How Algeria Stopped Senegal to Lift AFCON Trophy

Published July 21st, 2019 - 02:46 GMT
A second minute goal from Algeria proved enough to beat Senegal in the Afcon final.
A second minute goal from Algeria proved enough to beat Senegal in the Afcon final.

Algeria and Senegal clashed in the final at the Africa Cup of Nations (Afcon) on Friday evening in Cairo. A second minute goal was enough for The Desert Warriors to take a 1-0 victory and lift the trophy.

Senegal coach Aliou Cisse made two changes to his side from their 1-0 semi-final win in extra time against Tunisia. In central defence, Kalidou Koulibaly was suspended so Salif Sane got the nod in preference to Pape Abou Cisse. On the right flank, Ismaila Sarr came back into the starting XI with Krepin Diatta left on the bench.

Algeria named an unchanged side from their 2-1 semi-final win against Nigeria as Djamel Belmadi continued to trust the same core of players. Only Youcef Atal was missing from his best XI with a broken collarbone, so Mehdi Zaffane, a more conservative right back, took his place.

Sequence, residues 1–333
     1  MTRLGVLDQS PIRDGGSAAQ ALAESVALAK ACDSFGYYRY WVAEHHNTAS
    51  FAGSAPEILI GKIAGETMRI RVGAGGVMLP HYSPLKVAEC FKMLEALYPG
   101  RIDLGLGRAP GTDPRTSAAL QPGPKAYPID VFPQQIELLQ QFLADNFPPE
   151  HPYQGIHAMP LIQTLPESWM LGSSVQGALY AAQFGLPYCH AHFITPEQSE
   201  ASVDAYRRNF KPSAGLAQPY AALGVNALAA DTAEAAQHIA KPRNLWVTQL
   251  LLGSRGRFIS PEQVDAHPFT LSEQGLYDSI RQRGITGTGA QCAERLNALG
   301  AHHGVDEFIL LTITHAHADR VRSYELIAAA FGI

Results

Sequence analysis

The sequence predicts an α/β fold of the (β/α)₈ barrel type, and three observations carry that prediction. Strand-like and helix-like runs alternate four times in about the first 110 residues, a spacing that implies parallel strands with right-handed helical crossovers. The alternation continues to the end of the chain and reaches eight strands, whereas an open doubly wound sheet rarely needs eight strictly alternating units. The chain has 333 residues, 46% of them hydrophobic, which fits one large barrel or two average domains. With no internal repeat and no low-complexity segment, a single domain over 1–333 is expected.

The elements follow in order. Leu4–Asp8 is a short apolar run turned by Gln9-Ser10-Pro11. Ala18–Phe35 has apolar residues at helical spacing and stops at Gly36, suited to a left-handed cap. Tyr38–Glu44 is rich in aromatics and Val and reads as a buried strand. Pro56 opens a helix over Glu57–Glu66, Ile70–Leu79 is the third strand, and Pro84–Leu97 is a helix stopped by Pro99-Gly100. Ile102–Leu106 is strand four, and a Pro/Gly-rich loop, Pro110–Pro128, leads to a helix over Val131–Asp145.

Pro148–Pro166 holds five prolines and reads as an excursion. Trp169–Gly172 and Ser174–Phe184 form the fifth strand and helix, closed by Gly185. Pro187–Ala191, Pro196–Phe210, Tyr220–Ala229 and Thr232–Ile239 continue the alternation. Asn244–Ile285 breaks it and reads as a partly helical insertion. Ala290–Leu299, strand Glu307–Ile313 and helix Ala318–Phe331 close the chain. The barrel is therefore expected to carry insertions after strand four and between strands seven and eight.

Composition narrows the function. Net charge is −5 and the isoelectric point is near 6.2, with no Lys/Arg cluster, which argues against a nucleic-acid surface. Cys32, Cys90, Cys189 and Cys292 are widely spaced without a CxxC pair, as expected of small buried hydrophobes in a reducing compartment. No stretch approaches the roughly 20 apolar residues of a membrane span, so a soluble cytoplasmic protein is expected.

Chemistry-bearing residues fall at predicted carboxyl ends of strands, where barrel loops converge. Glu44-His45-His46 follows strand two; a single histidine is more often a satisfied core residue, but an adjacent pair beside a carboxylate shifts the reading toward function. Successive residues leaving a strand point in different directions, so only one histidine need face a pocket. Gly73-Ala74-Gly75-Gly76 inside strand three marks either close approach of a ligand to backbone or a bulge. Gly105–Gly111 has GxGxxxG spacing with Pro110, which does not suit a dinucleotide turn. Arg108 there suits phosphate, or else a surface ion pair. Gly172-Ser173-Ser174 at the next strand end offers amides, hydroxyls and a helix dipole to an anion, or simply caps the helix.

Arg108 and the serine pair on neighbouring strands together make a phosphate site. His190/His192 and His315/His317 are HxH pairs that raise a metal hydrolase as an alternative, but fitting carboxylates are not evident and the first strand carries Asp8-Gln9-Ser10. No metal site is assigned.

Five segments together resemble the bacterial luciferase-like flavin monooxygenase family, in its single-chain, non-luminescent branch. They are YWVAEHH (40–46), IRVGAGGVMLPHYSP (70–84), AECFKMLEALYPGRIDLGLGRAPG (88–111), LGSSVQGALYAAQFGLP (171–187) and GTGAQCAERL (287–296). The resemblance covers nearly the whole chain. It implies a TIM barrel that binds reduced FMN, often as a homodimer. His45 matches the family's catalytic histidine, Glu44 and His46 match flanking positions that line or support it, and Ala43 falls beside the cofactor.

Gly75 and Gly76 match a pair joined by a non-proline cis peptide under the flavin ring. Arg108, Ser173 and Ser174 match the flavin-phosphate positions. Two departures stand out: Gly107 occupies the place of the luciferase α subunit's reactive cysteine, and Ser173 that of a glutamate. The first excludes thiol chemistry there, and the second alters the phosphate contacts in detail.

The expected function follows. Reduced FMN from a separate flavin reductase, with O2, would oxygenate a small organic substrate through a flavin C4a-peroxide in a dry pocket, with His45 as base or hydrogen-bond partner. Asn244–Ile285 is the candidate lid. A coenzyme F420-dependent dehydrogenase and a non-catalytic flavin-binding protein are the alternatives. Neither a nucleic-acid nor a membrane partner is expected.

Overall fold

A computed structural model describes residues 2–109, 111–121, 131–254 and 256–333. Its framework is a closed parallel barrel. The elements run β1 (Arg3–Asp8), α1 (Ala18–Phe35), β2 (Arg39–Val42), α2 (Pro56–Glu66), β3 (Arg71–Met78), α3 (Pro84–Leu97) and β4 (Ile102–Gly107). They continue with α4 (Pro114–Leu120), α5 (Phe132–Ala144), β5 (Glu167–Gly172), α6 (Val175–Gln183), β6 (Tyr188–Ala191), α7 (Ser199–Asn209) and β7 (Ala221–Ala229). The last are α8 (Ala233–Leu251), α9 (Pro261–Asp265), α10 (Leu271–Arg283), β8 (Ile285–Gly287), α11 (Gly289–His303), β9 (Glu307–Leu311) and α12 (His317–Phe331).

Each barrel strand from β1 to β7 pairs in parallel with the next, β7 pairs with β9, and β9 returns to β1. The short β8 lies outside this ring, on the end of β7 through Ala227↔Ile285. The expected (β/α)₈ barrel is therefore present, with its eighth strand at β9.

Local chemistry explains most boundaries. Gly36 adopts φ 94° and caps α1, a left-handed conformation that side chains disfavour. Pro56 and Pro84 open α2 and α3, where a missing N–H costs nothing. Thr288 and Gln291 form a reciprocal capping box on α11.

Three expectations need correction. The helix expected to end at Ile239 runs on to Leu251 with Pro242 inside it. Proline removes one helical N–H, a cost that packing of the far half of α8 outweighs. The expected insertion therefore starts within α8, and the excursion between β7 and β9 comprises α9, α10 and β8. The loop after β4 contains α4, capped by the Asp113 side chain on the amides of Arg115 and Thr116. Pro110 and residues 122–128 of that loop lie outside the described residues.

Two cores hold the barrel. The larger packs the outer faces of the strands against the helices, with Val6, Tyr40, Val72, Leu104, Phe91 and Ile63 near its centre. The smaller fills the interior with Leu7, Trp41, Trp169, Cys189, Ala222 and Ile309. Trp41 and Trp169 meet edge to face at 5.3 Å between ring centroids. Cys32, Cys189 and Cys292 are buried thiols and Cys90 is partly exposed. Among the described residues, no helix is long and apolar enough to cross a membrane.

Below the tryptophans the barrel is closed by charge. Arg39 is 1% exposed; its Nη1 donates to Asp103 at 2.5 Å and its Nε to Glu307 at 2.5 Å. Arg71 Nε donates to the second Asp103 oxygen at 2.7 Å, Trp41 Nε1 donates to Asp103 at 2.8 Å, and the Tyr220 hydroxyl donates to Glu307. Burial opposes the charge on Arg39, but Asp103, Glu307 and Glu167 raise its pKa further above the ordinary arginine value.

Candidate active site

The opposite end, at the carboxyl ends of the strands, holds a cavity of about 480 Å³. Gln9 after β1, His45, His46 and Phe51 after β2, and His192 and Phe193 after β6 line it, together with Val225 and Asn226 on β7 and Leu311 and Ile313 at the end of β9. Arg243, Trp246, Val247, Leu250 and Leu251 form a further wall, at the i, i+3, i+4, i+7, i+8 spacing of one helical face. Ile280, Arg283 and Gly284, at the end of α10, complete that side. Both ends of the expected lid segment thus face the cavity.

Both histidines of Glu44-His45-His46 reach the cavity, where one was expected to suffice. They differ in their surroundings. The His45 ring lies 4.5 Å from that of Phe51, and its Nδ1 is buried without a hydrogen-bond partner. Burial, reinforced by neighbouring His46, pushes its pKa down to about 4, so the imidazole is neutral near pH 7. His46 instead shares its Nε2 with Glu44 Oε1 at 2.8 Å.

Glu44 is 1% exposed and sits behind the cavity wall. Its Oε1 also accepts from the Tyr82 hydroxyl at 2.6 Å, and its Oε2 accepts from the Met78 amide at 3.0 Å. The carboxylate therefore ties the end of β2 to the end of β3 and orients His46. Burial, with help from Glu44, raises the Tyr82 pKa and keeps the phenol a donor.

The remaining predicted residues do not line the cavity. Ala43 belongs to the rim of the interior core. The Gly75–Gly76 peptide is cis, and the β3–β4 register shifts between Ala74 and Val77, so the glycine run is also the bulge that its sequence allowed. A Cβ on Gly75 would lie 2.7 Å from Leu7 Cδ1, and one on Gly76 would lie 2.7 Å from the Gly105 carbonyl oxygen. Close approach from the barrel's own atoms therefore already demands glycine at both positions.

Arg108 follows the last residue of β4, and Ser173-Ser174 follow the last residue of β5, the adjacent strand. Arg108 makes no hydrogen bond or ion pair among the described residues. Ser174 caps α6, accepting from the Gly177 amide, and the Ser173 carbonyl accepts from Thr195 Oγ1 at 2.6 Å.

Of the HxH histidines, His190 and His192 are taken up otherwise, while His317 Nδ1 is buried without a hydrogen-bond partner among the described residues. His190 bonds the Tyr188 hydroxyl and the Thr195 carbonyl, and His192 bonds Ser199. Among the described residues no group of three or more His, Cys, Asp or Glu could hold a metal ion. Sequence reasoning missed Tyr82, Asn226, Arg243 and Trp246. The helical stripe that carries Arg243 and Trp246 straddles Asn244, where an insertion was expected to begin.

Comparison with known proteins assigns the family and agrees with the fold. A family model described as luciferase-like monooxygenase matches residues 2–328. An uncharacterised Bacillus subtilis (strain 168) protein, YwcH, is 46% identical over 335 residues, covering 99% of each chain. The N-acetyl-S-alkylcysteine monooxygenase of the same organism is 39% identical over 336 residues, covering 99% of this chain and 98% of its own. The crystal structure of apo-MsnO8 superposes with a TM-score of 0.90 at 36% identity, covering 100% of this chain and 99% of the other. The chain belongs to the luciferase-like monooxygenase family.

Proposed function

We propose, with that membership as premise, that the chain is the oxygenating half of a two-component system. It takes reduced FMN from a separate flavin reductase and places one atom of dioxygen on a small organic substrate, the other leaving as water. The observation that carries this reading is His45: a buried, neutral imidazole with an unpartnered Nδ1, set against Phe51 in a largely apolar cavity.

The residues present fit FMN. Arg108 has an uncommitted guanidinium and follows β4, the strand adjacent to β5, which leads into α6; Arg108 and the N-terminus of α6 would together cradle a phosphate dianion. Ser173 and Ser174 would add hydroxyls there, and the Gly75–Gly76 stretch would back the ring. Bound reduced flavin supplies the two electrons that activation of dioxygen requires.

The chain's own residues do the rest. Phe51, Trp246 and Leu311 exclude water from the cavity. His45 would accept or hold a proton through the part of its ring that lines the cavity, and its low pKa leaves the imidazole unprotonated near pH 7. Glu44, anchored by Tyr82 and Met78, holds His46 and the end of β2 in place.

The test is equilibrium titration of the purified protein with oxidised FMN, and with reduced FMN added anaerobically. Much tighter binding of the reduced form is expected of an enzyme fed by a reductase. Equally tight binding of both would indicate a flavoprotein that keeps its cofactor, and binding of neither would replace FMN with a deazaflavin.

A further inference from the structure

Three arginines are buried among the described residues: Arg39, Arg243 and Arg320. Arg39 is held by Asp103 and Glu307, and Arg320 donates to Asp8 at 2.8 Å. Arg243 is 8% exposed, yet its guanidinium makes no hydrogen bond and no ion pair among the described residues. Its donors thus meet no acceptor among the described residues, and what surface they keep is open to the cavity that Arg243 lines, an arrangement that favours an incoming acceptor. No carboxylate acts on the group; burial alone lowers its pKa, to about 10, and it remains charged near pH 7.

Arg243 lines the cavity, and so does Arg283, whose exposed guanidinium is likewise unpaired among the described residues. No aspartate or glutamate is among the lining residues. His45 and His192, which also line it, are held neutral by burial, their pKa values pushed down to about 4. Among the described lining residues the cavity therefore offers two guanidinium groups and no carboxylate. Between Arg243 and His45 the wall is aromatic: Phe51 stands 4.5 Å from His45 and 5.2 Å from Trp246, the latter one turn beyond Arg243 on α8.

VERTICAL SENEGAL VS. ADAPTABLE ALGERIA

All tournament, the Lions of Teranga had been the most direct and vertical side at Afcon. Their game is based around finding teammates who are facing forward with time and space, then looking for penetrative passes over the top for the front three making runs in-behind, often diagonally off the flanks.

This plan can also have the by-product of pinning opponents back and opening space between-the-lines for Henri Saivet or Sadio Mane. The latter has a more creative role than at Liverpool, regularly dropping deep to get on the ball.

Algeria have been the most adaptable side at the tournament. They are able to dominate possession by playing out from the back and overloading midfield by bringing their wide players inside, or ceding possession and relying on counter-attacks or direct play up to striker, Baghdad Bounedjah. They can press high up the pitch to regain the ball, or set their pressing line around the halfway line.

FIRST HALF – WAR OF ATTRITION

It took just two minutes for Algeria to lead in this game. Bounedjah beat Cheikhou Kouyate on the left flank, cut inside and saw his shot deflected over Alfred Gomis’ head by Salif Sane. Against Belmadi’s side, this was a nightmare for Senegal who were to endure an extremely frustrating half.